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Posted on July 11, 2014 at 9:49 AM

Last week’s edition of Nature includes developments in the world of stem cell research, also noted in the general press:

First: A group from Portland, San Diego, and Stockholm published work (payment required to read article) seeking to define the “best” human pluripotent stem cells on cellular and molecular grounds.  They compared:

  • Stem cells taken from an embryo, created in IVF and destroyed for the research, presumably the “gold standard” for what embryonic stem cells (ESCs) should be because they ARE such cells;
  • Stem cells taken from embryos created by somatic cell nuclear transfer (SCNT), or cloning, again, created expressly for research;
  • Induced pleuripotent stem (iPS) cells, created by “reprogramming” a mature, differentiated adult cell.

Note that to get the first two requires an egg donor—for IVF in the first place, for egg cytoplasm into which a nucleus from a mature, non-stem cell is transferred.

Key findings:

  • The number and nature of abnormalities in gene copies was similar in all 3; notably, up to 30% of iPS cells had no identifiable genetic abnormalities;
  • The patterns of gene “methylation”—a normal, and critical, chemical modification to DNA that determines which ones are “on” or “off”—were more varied in iPS cells, while the SCNT-derived cells looked more like the ESCs in this regard;
  • The patterns of transcription—how the genes are read—was more often abnormal in iPS cells than in the SCNT-derived cells.  This was consistent with the methylation observation.

The authors did not look specifically at mutations in gene sequences—something that is well within current technical lab capabilities—but said that this should certainly be done in the future.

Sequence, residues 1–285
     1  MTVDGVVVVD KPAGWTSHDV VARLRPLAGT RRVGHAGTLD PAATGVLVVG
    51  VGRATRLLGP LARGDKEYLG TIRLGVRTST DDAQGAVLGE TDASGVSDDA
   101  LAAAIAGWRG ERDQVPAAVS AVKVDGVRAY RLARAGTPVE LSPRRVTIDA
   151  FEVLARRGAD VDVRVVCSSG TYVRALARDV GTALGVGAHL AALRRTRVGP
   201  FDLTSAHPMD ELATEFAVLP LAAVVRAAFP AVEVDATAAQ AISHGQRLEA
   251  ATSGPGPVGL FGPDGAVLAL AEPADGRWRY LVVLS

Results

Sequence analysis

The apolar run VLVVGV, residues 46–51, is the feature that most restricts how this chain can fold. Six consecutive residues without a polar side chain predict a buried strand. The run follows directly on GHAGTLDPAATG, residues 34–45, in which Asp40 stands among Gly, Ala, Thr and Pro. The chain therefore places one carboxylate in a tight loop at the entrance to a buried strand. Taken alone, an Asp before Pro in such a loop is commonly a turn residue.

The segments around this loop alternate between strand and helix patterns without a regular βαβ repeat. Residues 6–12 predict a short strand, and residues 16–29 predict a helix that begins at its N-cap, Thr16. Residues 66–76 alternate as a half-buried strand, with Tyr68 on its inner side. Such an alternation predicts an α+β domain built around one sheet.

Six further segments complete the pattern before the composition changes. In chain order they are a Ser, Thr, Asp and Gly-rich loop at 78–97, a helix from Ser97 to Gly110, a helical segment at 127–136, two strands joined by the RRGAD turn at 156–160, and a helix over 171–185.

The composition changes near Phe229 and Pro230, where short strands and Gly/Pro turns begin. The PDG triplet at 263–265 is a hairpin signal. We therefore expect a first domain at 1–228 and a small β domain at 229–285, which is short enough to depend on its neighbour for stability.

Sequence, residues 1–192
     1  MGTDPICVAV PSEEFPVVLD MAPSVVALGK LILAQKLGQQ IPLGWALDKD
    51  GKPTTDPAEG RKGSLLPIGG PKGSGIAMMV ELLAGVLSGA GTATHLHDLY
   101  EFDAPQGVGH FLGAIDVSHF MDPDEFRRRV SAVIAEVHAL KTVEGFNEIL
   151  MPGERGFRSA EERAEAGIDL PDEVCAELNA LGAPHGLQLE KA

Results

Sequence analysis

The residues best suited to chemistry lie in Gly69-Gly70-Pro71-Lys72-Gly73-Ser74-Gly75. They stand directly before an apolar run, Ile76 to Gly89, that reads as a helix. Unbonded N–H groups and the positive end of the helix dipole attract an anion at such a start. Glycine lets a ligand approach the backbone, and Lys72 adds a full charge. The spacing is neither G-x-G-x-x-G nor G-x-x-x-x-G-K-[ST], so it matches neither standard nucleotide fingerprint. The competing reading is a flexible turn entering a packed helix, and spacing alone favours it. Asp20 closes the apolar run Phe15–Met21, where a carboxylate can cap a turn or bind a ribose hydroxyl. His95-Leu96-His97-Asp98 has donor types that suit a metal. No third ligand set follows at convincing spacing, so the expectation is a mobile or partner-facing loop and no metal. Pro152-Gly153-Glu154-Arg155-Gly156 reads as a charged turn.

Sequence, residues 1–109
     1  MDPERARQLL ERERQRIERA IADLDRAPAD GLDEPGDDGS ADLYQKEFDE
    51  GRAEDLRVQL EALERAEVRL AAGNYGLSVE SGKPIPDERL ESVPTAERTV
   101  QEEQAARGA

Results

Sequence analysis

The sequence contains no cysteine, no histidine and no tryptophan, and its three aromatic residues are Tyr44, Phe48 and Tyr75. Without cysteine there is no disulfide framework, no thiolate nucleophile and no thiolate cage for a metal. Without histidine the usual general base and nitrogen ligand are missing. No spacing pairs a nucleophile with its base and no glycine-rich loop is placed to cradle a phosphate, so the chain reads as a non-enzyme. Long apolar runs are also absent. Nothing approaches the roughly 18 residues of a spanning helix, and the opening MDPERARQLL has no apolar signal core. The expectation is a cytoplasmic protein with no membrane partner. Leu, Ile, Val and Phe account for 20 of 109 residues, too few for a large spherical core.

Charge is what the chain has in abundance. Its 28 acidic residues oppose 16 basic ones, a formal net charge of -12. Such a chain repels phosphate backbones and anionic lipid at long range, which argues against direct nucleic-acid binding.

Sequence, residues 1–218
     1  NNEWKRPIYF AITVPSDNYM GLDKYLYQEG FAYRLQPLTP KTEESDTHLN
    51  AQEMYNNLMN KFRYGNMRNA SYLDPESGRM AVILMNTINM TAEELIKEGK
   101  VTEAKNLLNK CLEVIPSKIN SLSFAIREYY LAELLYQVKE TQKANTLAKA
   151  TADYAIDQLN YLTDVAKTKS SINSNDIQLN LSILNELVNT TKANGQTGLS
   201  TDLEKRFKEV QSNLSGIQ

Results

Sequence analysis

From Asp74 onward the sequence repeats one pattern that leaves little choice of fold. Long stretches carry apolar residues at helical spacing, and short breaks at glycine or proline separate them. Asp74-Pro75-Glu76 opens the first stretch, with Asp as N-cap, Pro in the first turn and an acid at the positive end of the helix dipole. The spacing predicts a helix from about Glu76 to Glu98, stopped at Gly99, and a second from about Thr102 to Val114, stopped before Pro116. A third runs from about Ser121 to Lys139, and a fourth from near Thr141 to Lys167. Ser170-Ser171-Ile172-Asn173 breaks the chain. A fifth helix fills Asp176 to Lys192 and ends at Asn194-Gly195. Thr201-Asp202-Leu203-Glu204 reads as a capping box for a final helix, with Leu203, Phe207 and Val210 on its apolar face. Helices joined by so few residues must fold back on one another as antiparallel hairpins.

They concluded that the ESCs derived from cloning look more like those from the IVF embryo, probably because they both use egg cytoplasm, and that is critical to the eventual characteristics of the ESCs.  And they concluded that therefore, ESCs from cloning are going to be better to use in future medical treatments than will iPS cells.

This last claim was criticized as overreach by numerous experts in the field.  In an accompanying News and Views article (also available only for a fee), Vladislav Krupalnik and Jacob Hanna put it better:  it appears that neither the iPS nor the SCNT approach perfectly copies ESCs from an embryo.  They conclude that “scientists and clinicians [should] redefine their quest for perfection as a hung for the adequate, cost-effective, and safe.”

They further point out that SCNT is technically difficult, requires egg donation, and creates “health, safety, and ethical challenges.”

Indeed.  If one grants the moral status of the embryo, as I do, then only the iPS approach offers an ethical means of deriving stem cells for medical treatments or other uses.  And that approach is open to refinement, toward the goal of adequate, cost-effective, safe, and ethical stem cell translational research.

(I won’t delve here into whether it is ethical for me to cite this research, given the embryo creation and destruction it entailed.  If I have transgressed an ethical boundary thereby, I freely did so in search of the broader points here.)

Second:  The journal published retractions of an article, related letter, and accompanying News and Views column, originally published on January 30 of this year, and receiving rather spashy coverage in the general press, to the effect that mature mouse cells could be quite easily “reprogrammed” to be induced pleuripotent stem cells by making only modest manipulations, such as exposing the mature cells to a mild acid bath.  In my post of February 20, 2014, I cautioned that there were already some misgivings about the reports, and that conservative bioethicists should not rush to embrace new reports that imply, much less prove, that human embryonic stem cells will soon be of no scientific or medical interest to anyone, and that should be widely and immediately acclaimed.

Points I wish to make on this:

  • Science must be done ethically; embryos indeed warrant the protections afforded to human research subjects;
  • But an argument from utility is dubious; it is too early to say what the “best” stem cells are for therapy, and the argument is excessively utilitarian;
  • Reproducibility is a hallmark of science.  Without that, one is left with, at most, “natural philosophy.”

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